Kern River
Kern River between the bluffs with wildflowers and riparian habitat (Photo by Marcia Wolfe)

Marcia Wolfe
Contributor, Valley Ag Voice

Marcia Wolfe with her dogs
Marcia Wolfe, Valley Ag Voice Contributor

What do you think of when you hear the words “Kern River”? Immediate to the minds of many is its famous white-water river rafting. Then is it fly fishing, camping, or picnics in the park? Biking the Kern River trail, concert in the city park or concert and art show at Buena Vista Lake? Boating and water skiing/boarding at Lake Ming or Buena Vista Lake? Maybe you are one of those lucky enough to have a home with a view of the water above the riverbank. For others, it is a myriad of opportunities for bird watching, wildlife viewing, wading, swimming, or just playing with family and friends in the park. Maybe you are the one who was making out in the shade of the trees with your partner? Perhaps your volleyball team practices in the Kern River Parkway volleyball courts? Or perhaps you are one of the avid bicyclers who travel the 22 miles of bike trail? Do you walk your dog along the trail with the many joggers? Of more recent times, you might think of the homeless camping out along the river. Perhaps you think of the Kern River in terms of water for helping to generate the carrot, garlic, almond, pistachio and many other crops that spread across the valley floor? Then there are the many thousands (used to be millions) of migrating and resident birds. They rest along it and forage in its waters, the sometimes dry riverbed, or nest in its riparian and rangeland habitats. Also noteworthy is the fact that the Kern River channel and habitat corridor is the only wildlife movement corridor across the valley floor south of Fresno, over 120 miles to the north! Most beneficial is its alluvial and deep groundwaters help sustain many of our drinking water and agricultural water wells too. We all depend upon the Kern River, one way or another.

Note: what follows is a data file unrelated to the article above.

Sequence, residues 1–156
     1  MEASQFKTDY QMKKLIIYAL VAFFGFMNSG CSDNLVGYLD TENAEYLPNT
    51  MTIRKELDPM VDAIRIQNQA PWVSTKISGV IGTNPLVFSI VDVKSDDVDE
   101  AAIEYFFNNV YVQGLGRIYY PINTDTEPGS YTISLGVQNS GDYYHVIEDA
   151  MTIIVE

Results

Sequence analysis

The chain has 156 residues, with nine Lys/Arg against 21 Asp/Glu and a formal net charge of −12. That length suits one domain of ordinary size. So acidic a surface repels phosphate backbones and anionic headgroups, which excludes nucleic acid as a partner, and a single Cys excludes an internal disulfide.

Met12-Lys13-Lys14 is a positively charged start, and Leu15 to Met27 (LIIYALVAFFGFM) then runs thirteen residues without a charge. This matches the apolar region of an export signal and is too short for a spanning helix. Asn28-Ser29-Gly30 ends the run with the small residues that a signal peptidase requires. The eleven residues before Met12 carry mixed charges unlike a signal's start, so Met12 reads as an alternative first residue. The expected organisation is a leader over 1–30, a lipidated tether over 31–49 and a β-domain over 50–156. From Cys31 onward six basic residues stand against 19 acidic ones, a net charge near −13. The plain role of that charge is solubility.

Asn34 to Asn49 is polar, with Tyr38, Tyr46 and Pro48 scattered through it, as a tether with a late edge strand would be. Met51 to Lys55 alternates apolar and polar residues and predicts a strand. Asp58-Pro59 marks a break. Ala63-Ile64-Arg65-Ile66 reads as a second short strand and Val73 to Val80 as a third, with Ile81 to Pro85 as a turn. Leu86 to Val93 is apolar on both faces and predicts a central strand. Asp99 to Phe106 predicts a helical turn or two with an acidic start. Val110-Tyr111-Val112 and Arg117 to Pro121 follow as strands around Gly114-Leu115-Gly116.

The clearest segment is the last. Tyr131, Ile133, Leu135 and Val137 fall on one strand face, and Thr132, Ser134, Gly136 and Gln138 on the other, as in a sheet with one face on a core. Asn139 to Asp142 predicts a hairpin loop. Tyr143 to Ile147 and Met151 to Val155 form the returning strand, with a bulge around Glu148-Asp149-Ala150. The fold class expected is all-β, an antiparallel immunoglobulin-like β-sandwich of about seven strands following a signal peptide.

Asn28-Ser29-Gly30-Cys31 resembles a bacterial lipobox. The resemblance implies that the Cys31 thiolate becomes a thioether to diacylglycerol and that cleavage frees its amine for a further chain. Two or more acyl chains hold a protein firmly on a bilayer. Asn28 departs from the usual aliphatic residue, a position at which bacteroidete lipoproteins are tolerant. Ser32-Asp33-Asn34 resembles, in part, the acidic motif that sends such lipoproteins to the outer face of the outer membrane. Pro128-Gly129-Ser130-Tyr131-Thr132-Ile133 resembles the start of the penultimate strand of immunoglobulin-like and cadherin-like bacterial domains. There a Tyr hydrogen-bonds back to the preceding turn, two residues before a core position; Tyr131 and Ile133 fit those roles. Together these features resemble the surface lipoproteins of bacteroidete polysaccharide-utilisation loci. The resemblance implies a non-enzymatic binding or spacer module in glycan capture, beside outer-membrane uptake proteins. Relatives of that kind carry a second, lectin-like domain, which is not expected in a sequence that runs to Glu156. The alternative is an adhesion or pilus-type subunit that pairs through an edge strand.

Starting as melting ice dribbling into small streams from snow patches off the shoulder of Mt. Whitney, the waters of the Kern River take a winding path of over 151 miles from its origins to get here. The river got its name from John C. Fremont, the explorer, to honor his typographer who almost drowned in the river during one of Fremont’s exploratory expeditions. Prior to that, it was called the Rio de San Felipe by the Spanish missionary Francisco Garces back in 1776.

Historically tributary river waters split off upstream of Bakersfield and went in a small channel downslope to form Kern Lake near Arvin. It was a seasonal lake, but in very wet years it would flow to the west, connecting to Buena Vista Lake. The main river waters reached the valley floor, followed a main channel through town and splayed out into many smaller channels and sloughs generally in the direction of Old River Road, until they formed Buena Vista Lake. In very wet years and years of high snowpack in the mountains, the waters of the Kern River would flow north through the sloughs and marshes of Tulare Lake, eventually merging with the San Joaquin River and ultimately flowing into the Delta.